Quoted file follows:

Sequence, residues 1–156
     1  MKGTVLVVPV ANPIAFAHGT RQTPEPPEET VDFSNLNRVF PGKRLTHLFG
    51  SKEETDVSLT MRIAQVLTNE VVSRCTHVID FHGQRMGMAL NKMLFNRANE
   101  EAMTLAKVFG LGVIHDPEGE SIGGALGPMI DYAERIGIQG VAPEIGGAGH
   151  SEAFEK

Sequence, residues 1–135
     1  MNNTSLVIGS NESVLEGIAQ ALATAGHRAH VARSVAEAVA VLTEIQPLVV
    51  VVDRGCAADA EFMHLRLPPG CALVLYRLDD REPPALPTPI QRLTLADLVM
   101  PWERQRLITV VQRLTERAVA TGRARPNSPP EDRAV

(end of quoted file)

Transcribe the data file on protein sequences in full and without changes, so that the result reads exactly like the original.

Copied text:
Sequence, residues 1–156
     1  MKGTVLVVPV ANPIAFAHGT RQTPEPPEET VDFSNLNRVF PGKRLTHLFG
    51  SKEETDVSLT MRIAQVLTNE VVSRCTHVID FHGQRMGMAL NKMLFNRANE
   101  EAMTLAKVFG LGVIHDPEGE SIGGALGPMI DYAERIGIQG VAPEIGGAGH
   151  SEAFEK

Sequence, residues 1–135
     1  MNNTSLVIGS NESVLEGIAQ ALATAGHRAH VARSVAEAVA VLTEIQPLVV
    51  VVDRGCAADA EFMHLRLPPG CALVLYRLDD REPPALPTPI QRLTLADLVM
   101  PWERQRLITV VQRLTERAVA TGRARPNSPP EDRAV